In this issue


Wild therapy (free article)
How can we change our relationship with the ecosystem of which we are a part? Nick Totton argues that therapy needs to help us shift our consciousness and behaviour.

Explorations in intimacy
Have you ever considered the similarities between psychotherapy and the Argentine tango? Claire Spooner explains what the most intimate of dances has in common with psychotherapy.

Sexual addictions in couple counselling
More and more couples are presenting with what are being called ‘sexual addictions’. How can counsellors work effectively with these issues?

Haiti: responding to disaster
Having flown out to Haiti a year ago to offer psychological support in the aftermath of the earthquake, Ann Steel reflects on best ethical practice in international volunteering.


In practice
Kevin Chandler: Let us speak one time of live

In the client's chair
Orla Murray: A place to be

In training
Alex Erskine

From the chair
Dr Lynne Gabriel: Enhanced voluntary registration

The Wednesday Group

Conflict with the Ethical Framework?

Day in the life
Roz Carroll

Sue Gerhardt

Last word
Andrew Reeves

Additional online content

Why I became a therapist
Bernice Sorensen

Characters on the couch

In conversation
Colin Feltham discusses with Nick Totton the role of ‘wild therapy’ to address issues of social isolation and disconnectedness with the natural world.

Cover of Therapy Today, March 2011

All articles from this issue are not yet available online. Members and subscribers can download the pdf from the Therapy Today archive.


Many readers will be familiar with ecopsychology – the study of our psychological relationship with nature, particularly in the context of climate change – first introduced to this journal in 2003. In his new book, Wild Therapy, Nick Totton argues that therapy itself now needs to play an active part in the way we change our relationship with the ecosystem of which we are a part.

One of Nick’s central arguments is that therapy is by nature ‘wild’ and has always stood against the dominant cultural drive to want to be in control of oneself and one’s environment, being more concerned with helping people tolerate existential uncertainty and insecurity. Much therapy today of course attempts to do the opposite of this: to help highly urbanised people to function and be ‘successful’ in contexts that are in many ways alienated from nature.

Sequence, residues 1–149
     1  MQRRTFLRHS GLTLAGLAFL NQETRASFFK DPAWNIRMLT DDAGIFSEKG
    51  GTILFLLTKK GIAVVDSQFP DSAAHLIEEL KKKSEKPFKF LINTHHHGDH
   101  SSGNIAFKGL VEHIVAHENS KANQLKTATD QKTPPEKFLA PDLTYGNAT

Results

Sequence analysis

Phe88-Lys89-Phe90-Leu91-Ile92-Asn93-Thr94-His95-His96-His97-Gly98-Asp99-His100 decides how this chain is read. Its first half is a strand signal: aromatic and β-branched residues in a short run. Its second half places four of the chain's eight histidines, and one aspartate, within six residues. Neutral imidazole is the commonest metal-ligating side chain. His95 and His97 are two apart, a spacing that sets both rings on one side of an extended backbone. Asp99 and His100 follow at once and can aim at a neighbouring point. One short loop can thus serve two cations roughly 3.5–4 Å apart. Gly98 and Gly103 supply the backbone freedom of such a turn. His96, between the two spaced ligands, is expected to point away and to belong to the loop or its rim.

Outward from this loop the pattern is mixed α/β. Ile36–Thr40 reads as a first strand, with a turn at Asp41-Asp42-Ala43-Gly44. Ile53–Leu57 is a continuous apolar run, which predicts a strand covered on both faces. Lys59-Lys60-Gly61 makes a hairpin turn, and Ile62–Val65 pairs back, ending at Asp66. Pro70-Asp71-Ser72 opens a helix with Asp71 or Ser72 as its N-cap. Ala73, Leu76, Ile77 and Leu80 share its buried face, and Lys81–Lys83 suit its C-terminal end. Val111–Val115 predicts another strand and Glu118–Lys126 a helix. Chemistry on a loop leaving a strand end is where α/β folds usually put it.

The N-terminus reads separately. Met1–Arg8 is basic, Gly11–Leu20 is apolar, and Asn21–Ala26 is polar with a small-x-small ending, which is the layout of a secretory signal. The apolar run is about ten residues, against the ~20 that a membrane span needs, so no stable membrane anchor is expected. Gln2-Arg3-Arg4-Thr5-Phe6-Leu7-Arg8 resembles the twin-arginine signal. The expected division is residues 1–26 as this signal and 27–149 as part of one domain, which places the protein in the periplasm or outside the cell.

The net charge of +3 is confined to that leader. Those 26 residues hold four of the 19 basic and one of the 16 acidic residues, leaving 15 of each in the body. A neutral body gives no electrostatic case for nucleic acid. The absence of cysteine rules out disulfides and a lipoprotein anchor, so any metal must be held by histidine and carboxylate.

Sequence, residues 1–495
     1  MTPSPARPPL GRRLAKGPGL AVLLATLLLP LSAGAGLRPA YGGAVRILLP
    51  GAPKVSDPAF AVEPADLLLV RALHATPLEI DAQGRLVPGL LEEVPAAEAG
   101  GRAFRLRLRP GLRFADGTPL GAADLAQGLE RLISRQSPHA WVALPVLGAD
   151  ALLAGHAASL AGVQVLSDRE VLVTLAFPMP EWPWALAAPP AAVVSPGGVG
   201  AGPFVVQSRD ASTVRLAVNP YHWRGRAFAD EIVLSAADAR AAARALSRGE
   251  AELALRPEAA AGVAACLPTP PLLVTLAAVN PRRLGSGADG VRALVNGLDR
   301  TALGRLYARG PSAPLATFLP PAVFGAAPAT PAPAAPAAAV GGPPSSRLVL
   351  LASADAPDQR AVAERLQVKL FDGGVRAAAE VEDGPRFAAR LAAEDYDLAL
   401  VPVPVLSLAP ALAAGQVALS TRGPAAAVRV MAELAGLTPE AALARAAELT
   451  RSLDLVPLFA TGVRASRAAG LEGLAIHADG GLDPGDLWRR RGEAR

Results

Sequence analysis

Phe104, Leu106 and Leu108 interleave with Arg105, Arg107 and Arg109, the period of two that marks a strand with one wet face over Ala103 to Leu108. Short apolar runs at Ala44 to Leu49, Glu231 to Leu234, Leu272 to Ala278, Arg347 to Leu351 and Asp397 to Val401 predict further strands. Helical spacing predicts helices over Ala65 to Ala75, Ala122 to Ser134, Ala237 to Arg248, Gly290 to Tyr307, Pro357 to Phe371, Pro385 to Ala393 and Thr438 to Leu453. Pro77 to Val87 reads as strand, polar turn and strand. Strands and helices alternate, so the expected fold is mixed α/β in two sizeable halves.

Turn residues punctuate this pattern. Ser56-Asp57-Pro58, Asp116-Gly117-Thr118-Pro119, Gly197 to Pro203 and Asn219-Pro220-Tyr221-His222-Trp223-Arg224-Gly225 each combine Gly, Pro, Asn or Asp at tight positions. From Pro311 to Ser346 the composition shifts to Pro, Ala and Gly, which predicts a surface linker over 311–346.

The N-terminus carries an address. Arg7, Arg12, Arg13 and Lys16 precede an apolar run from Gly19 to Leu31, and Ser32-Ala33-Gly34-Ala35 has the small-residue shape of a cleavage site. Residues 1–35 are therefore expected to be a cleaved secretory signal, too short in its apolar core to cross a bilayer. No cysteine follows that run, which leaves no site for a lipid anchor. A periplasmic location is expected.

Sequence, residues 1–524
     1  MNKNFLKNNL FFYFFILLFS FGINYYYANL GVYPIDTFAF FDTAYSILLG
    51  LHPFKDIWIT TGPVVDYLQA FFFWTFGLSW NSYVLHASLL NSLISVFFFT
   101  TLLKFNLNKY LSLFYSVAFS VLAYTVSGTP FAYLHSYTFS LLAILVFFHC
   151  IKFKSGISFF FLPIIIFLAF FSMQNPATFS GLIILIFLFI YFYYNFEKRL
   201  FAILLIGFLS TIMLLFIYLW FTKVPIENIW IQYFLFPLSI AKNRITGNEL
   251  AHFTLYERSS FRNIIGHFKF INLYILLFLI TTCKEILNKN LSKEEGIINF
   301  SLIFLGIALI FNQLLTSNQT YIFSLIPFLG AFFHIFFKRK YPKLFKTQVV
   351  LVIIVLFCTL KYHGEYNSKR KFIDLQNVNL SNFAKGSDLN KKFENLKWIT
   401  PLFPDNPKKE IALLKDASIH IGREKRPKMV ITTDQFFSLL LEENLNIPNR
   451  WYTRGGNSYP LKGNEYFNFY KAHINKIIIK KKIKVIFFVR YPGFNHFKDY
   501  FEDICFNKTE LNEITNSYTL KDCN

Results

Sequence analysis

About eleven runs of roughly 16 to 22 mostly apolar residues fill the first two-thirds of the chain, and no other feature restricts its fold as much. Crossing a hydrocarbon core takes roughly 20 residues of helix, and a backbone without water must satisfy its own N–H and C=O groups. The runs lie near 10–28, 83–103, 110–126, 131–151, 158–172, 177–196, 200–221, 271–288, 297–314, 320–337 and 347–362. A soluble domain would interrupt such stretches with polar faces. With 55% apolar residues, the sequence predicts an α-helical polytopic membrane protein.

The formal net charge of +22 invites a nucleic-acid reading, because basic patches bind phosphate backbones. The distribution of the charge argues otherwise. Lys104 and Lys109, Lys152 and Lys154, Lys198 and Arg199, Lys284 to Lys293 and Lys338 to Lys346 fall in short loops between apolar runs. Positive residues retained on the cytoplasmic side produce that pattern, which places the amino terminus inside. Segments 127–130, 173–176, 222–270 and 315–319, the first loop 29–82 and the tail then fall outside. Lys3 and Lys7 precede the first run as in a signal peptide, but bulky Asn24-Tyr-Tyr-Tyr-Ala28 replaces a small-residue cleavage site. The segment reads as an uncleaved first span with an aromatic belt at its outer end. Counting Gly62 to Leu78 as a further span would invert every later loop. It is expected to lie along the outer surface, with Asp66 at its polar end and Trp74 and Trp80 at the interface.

In a way Nick is arguing that therapy needs to return to its roots in order to help the world heal itself – a pretty tall order as Colin Feltham points out in our ‘In conversation with...’ on . As a self-confessed urbanised, ‘cognitivised’ and technologised individual, Colin asks how realistic is it to expect that radical therapeutic change could happen amongst the alienated urban majority?

As I was reading this piece a couple of days ago, I was listening to Start the Week on Radio 4 with Australia’s leading climate change campaigner Tim Flannery discussing rewilding of the planet. In response to Andrew Marr’s challenge that if we believe in manmade global warming there are no sources of optimism, he also talked about how people all over the world are discussing these issues and the internet is helping us develop a global consciousness, a ‘human superorganism’ which could act as a global intelligence for the planet. I listened to this with a sense of relief that not everyone is – in Nick’s words – ‘in overwhelm, under the bedclothes with their fingers in their ears’.

Sarah Browne